What advice do you have for other creatives who are interested in the nomad life? My primary advice is to begin building an audience. With an audience, you have many options; without an audience, you have nothing. For me, my background and my activeness on social media created that audience. I was able to build a loyal following during my years as a reporter in the States — the key, I believe is to let your personality, not just your work, shine through — and those people ultimately became subscribers and contributed to the buoyancy of my independent career in other ways (John Reamer found me through Instagram, for example). I was active in constantly creating for and rewarding my audience. I became a person behind my work. Being something of a public figure at a major newspaper certainly helped me. But if you don’t have that, there are many other ways to grow your audience. Social media is a great tool that has changed the lives of many people. First, you need to produce — whatever you want to do eventually, start doing it now. Secondly, you need to be strategic. For that, I suggest hiring a social media strategist professional, and I’ve got a great one: Molly Hale.
How can I support your work if I don’t have the budget to be a Patreon subscriber? There are many ways to support what I’m doing without actually signing up for a monthly subscription, which you can do here (subscriptions begin at $3/month). Also, though this link, you can buy me a beer for $5, which helps keep me motivated and happy :). You can also sponsor a video ($50) here (producing videos consume a lot of time and cost money related to travel logistics, content and soundtrack purchases). Finally, if you don’t want to spend any money at all, you can support me by subscribing to my website (free) and my YouTube page (also free) and by telling your friends or your own social media followings to check out my stuff. Eyes are power, and audience growth continues to open up new opportunities for me.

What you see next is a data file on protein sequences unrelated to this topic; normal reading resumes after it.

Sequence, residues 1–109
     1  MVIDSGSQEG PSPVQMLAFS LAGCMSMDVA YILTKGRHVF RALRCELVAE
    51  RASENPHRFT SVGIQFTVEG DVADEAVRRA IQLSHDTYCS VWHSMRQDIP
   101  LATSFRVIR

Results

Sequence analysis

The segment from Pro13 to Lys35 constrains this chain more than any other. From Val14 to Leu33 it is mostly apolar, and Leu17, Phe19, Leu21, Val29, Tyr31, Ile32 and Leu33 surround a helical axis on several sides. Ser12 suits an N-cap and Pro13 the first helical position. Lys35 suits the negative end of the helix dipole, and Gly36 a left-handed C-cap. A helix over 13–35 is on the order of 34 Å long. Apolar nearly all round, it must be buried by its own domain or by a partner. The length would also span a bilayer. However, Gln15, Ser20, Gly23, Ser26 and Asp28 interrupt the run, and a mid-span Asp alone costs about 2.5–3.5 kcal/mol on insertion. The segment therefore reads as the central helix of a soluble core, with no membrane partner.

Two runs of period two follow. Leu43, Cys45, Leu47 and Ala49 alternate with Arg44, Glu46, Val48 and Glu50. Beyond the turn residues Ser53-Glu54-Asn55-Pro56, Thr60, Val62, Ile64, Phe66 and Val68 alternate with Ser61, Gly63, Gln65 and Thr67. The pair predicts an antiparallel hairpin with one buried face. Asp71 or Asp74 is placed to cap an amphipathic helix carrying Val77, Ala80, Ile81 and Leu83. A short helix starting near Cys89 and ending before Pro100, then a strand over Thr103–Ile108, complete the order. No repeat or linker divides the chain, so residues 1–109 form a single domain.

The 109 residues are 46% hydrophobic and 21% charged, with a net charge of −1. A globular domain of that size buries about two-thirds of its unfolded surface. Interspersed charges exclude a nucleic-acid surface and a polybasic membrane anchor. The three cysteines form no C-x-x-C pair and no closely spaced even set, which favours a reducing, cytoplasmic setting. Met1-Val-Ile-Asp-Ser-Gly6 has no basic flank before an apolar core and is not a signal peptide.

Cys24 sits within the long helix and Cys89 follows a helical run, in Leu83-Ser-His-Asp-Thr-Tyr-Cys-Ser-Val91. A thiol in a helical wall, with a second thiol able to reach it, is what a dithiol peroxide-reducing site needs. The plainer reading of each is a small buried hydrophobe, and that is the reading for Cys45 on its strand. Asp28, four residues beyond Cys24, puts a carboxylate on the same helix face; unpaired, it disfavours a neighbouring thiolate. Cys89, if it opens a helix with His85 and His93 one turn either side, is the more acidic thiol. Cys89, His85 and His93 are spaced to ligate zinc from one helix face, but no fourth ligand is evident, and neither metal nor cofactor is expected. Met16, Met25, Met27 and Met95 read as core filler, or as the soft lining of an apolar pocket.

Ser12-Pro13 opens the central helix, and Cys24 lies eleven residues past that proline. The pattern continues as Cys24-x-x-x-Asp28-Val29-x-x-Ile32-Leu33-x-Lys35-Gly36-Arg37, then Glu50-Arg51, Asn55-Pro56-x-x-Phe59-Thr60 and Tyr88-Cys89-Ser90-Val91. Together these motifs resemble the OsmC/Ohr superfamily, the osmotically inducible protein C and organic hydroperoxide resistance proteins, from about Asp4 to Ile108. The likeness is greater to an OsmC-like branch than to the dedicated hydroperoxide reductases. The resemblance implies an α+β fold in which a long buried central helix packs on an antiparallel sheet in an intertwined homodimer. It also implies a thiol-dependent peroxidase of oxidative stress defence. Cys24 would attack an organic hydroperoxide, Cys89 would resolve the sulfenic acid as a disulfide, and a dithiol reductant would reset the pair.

Is there an end date to nomad life? Nope! I have never put an end date on this life, but at this point, I believe I will do it for years. There is a great learning curve in this sort of existence and in trying to create this sort of work, and I believe I am getting closer to what I truly want to do every month. I am all-in, and I think I’m only just getting started.